As I've written elsewhere, Redfin's a great company, in some regards. It might be useful to ask their agents what they offer you besides access and a rebate.
There's this belief among today's homebuyers that all of the useful information used to be bottled up behind the broker's lock & key, and that all of their value was in protecting this very proprietary information.
Which, simply, isn't at all true.
Even before the Internet, we went out of our way to make homes findable by the general public. Even back then, we put signs in front of the house, arrows on street corners pointing to the house, bought advertising in newspapers and shoppers, held open houses, and would sit down with anybody who asked to go over whatever latest compilation of listing information we had - listing books, photo cards, whatever.
Well, technology has improved, and real estate brokerages have fallen over one another in a race to get listing information to the public. Redfin's website is considered among the best, if not the best, website for home searches in the country.
Which doesn't mean that their agents are necessarily the "best" in their communities, although they may well be. But that's important.
Here in Seattle, I know a wonderful Redfin agent, who has confessed to me that they don't really know very much about houses. Or condos. They open the door for buyers, and either they or someone else gets the contract written, and the story ends.
I've done hundreds of deals over fifteen years in the biz, and I've evaluated thousands and thousands of homes for condition, livability, suitability for a variety of lifestyles, potential for renovation and expansion - this knowledge and experience has real value for many people. And it's quite possible that I've learned a little bit about negotiations along the line, too.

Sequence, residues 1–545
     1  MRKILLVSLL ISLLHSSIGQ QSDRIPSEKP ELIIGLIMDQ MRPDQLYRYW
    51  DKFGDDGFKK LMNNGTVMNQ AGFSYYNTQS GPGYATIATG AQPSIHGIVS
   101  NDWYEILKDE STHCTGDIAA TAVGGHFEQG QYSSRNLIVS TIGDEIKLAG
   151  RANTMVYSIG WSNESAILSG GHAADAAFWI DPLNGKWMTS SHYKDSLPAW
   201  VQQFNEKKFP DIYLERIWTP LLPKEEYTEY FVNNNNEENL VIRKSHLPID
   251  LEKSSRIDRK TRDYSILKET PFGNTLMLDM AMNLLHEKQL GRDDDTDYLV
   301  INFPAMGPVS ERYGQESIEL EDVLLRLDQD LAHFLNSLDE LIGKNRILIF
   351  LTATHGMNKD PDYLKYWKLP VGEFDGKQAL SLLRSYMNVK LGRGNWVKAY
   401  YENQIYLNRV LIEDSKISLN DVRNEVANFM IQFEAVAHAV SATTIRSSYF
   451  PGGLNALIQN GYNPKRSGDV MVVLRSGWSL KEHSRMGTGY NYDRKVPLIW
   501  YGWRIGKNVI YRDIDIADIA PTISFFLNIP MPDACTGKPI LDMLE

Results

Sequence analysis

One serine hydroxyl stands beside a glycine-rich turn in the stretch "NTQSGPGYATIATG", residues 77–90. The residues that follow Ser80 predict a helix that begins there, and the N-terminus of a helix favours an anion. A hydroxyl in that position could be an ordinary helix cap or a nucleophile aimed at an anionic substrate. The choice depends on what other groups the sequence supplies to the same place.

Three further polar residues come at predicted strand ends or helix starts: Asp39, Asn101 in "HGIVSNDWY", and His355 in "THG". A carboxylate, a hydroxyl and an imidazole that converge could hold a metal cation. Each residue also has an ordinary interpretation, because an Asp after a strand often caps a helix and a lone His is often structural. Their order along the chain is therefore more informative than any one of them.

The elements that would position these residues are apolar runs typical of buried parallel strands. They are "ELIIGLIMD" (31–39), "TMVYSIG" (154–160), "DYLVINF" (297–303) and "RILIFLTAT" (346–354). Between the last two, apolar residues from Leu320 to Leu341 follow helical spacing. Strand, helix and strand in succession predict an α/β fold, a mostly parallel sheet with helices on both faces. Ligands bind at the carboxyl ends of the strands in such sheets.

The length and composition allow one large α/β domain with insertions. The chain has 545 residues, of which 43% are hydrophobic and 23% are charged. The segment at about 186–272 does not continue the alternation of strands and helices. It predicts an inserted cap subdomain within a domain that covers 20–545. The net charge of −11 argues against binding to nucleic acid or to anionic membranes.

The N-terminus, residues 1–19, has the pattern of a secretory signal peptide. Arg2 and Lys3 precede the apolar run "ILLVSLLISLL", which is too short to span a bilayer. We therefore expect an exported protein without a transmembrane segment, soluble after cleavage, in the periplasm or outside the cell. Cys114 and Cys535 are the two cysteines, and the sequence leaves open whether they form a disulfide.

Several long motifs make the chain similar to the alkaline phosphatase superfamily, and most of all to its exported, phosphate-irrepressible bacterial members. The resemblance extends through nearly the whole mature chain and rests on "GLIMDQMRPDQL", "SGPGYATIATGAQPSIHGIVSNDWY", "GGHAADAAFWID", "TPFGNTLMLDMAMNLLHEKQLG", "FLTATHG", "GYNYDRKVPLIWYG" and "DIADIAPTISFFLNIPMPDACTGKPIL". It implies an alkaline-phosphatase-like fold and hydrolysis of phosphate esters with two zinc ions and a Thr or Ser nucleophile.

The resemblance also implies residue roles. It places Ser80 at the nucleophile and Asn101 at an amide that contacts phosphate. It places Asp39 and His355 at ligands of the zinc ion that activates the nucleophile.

The question that only you can answer yourself is, is foregoing that level of knowledge in an agent worth shaving a point or two off the deal? - Fri Dec 11 2009, 16:38
You may well be missing something, but we're probably not going to be able to figure out exactly what in this forum.
One hint is that homes are not commodities, and can not be adequately evaluated with even a couple of hundred data points. Evaluation of homes extends beyond the basic room count, price negotiation and structural inspection, to include architecture and interior design elements, livability issues such as siting, natural light, privacy, landscape, interior traffic flow, exposure and outlook.
People who consider themselves qualified to evaluate such items as mechanical systems, finishes, quality of installation, often believe themselves to have a complete understanding of homes; I disagree.
But at the end of your story, you're the one who has to live in the place, and if you think that you create better value by hiring yourself as a selling agent instead of a GOOD buyer's agent, even considering your relative lack of experience, then nothing anybody says is likely to change that.